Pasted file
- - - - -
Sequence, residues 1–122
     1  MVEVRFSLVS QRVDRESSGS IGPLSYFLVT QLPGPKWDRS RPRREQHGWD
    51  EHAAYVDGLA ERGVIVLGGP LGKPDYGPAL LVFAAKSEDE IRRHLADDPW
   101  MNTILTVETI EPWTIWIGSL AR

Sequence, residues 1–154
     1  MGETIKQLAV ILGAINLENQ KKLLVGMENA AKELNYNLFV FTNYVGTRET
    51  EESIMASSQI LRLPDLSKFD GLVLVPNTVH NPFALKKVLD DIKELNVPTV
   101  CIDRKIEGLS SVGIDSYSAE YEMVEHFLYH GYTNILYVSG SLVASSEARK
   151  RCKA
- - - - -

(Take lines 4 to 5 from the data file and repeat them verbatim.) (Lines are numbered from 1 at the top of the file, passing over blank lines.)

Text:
   101  MNTILTVETI EPWTIWIGSL AR

Sequence, residues 1–154